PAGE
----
3 Remainder .
THE SIXTEEN MAGIC SQUARE PROBLEM (Improved)
EFFECT: A large square is drawn on blackboard, this is divided into four squares and again into 16 squares.
Audience is requested to name any number above 30 and up to 100 or even above 100, the performer then rapidly fills in each square with a different number, the total of which will equal the number given by the audienc e.
Adding up each row horizontally gives the numbers selected. Adding up each row vertically gives the numbers selected. Adding up each row diagonally gives the numbers selected. Any four continuous squares gives the numbers selected.
SECRET: Each of the 16 squares are. numbered (or lettered) some prefer the letters, and this routine you must remember and carry in your head.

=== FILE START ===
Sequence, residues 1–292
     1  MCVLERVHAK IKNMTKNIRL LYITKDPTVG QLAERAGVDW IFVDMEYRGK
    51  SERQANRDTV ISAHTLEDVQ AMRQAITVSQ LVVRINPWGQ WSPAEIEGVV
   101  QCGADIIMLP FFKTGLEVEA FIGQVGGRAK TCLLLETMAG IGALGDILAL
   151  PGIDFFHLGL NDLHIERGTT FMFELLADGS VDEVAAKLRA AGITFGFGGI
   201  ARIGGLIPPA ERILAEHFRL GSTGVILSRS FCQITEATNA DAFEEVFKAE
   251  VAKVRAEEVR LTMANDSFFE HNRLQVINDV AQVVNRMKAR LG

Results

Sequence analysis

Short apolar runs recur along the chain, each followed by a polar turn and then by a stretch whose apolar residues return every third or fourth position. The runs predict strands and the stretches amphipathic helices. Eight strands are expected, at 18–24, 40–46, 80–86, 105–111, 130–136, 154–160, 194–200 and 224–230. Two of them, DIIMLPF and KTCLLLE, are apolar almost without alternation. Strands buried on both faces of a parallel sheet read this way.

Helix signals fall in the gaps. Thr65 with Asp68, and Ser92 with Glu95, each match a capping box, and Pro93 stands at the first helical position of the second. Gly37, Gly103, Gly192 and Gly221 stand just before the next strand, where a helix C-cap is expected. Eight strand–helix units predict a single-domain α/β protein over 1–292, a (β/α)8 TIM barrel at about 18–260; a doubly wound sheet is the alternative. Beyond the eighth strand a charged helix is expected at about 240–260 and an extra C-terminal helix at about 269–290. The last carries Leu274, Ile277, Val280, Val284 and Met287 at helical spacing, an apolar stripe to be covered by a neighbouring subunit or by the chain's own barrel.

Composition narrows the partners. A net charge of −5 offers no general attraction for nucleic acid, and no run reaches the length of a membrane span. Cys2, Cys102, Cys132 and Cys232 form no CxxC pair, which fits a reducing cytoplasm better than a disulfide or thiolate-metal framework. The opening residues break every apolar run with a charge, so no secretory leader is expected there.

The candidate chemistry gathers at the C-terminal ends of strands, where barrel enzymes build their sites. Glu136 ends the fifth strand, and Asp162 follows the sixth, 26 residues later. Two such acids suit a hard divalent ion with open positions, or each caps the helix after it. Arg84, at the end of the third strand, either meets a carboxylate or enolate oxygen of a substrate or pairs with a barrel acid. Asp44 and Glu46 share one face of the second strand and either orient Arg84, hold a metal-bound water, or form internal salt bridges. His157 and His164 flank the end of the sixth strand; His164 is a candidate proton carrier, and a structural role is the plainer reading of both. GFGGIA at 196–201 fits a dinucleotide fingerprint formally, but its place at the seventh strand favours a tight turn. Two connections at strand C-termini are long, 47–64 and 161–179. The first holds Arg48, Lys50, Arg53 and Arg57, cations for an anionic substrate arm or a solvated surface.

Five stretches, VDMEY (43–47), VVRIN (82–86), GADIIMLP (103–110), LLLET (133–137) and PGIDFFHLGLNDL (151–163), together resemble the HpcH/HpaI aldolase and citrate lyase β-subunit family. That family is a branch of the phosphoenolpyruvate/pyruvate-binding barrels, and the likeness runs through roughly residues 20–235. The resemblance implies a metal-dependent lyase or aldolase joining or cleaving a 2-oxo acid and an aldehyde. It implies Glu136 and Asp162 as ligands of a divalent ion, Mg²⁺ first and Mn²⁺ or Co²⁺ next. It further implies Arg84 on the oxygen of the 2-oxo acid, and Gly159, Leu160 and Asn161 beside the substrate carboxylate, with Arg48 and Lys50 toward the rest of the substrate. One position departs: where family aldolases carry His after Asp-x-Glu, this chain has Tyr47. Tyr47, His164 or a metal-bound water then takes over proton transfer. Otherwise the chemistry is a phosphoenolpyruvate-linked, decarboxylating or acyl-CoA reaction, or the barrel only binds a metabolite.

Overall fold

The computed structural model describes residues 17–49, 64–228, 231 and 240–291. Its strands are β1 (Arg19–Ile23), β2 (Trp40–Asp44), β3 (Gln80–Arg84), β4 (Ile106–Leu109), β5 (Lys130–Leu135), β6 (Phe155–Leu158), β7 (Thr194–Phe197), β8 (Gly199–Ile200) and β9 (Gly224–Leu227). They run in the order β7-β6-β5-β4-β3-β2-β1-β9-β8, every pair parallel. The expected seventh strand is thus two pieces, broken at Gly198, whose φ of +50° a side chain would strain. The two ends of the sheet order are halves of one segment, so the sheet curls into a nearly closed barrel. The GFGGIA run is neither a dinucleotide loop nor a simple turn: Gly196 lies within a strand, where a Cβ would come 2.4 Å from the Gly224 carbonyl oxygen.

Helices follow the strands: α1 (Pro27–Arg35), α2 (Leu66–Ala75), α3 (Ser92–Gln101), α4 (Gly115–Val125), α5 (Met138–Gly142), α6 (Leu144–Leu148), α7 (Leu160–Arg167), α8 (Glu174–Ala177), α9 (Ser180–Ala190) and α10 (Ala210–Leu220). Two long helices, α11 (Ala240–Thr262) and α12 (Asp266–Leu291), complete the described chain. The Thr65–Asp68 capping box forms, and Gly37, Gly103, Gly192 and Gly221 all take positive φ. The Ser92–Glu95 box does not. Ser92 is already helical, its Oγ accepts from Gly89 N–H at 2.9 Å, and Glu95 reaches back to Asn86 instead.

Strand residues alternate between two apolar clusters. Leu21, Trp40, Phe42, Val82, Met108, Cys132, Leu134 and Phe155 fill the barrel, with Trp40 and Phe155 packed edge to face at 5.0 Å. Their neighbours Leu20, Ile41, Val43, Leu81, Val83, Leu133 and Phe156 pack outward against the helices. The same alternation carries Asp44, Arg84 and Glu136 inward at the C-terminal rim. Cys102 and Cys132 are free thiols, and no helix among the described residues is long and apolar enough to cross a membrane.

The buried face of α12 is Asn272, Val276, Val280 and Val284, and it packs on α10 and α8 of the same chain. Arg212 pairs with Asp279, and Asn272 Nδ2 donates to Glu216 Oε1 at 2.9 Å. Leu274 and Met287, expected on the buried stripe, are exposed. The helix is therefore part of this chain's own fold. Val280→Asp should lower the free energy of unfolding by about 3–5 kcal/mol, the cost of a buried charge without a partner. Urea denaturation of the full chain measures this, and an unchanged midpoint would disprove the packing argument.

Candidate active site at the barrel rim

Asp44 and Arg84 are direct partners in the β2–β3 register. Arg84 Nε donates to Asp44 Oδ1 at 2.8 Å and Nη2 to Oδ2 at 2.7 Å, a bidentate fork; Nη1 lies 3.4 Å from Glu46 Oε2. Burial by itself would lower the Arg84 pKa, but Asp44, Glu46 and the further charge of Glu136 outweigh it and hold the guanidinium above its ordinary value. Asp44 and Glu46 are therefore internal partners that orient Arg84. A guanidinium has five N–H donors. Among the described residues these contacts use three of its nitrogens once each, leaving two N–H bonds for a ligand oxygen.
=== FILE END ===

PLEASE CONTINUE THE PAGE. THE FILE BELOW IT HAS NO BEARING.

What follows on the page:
Now from the number you have been given mentally subtract 30 and then divide this number by 4. For example: 99 is given, you subtract 30 which leaves 69, this number you divide by 4, which gives 17 and 1 over as a remainder.
Now in #1 square, or a. square, you insert 17, in square #2 or b square you write in 18, in square #3 you write 19 etc. , etc.
Now if you have a remainder of 1 or 2 or 3 left over, when you come to square 13 (or M square) you add this remainder (in this case add the remainder of 1 to No. 29 - which would be the sequence-number to go into this square) and instead of writing in M (#29) - write 30, then in square N. write 31 etc. , to the end.
If someone should give you a number below 30 just smile and say "Oh, give me a large one, (BECAUSE 30 IS THE SMALLEST NUMBER THAT CAN BE USED).
This is found much easier than Nelson's method too complicated.
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